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Legalized Sports Betting Makes NJ Rich at the Expense of NY

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New Jersey is reaping the benefits of legalized sports betting—at the expense of New Yorkers. While New York has still yet to plunge into legalized betting, many New Yorkers have taken the leap. Photo Credit: Shutterstock

New Jersey is reaping the benefits of legalized sports betting—at the expense of New Yorkers.

While New York has still yet to plunge into legalized betting, many New Yorkers have taken the leap. All they have to do is cross the George Washington Bridge into the neighboring state and legally place their wagers in casinos, racetracks and online. In many cases the distance between the states is a mere half-hour drive. Some bettors don’t even bother to leave the car. All they need to do is cross the border and use their smartphones. The GPS will note the change in state, allowing them to place bets on fantasy-sports apps.

As reported by the NY Post, since legalizing sports betting in June, New Jersey officials recorded $928 million in sports bets through November. Popular online sports-betting sites such as Draftkings and FanDuel have said that more than 10 percent of their customers are from New York. The gross revenue for the casinos and online betting companies, after payouts to the winners, was reportedly $73 million for the time period. The state of New Jersey benefitted $8 million thanks to the 8 percent tax on casino revenue and 13 percent on the online businesses’.

New York has been standing at the crossroads since May, when the Supreme Court overturned a law prohibiting states from legalizing sports betting. Proponents for legalized betting in NYS, say that the Empire state could gain $10 million to $30 million annually for enacting its own 8.25 percent tax on betting. Gov. Cuomo, while not openly opposed to legalizing sports betting, continues to defer its importance. On his 2019 legislative agenda released last month, the topic did not make it as one of his top priorities. “We continue to evaluate the issue and the actions of other states in order to decide the best way forward for New York,” said Rich Azzopardi, a spokesman for Gov. Cuomo.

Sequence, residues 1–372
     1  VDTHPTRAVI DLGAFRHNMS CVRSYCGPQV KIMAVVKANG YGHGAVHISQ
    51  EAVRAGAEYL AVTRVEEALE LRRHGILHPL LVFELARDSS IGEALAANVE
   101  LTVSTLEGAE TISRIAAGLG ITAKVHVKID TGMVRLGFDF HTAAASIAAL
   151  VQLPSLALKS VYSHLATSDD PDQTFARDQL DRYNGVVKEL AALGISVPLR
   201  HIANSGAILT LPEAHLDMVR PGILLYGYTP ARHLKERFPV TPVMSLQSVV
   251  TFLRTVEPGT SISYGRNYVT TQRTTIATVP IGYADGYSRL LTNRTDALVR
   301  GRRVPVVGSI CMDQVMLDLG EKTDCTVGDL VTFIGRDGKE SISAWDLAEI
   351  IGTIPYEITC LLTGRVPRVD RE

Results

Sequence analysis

Clearly, there are two sides to every coin and legalizing betting could have devastating effects on many people, and may trigger a large spike in social disorders. New Jersey’s 1-800-Gambler hotline has reported a jump in calls from sports bettors asking for help with gambling addictions, since the state legalized betting.

“It’s not a question of if we’re going to do sports betting, it’s when,” said state NY Sen. Joseph Addabbo (D-Queens), the new chairman of the senate’s Racing, Gaming and Wagering Committee. “Everybody is looking for a piece of sports betting. We want the revenue.”

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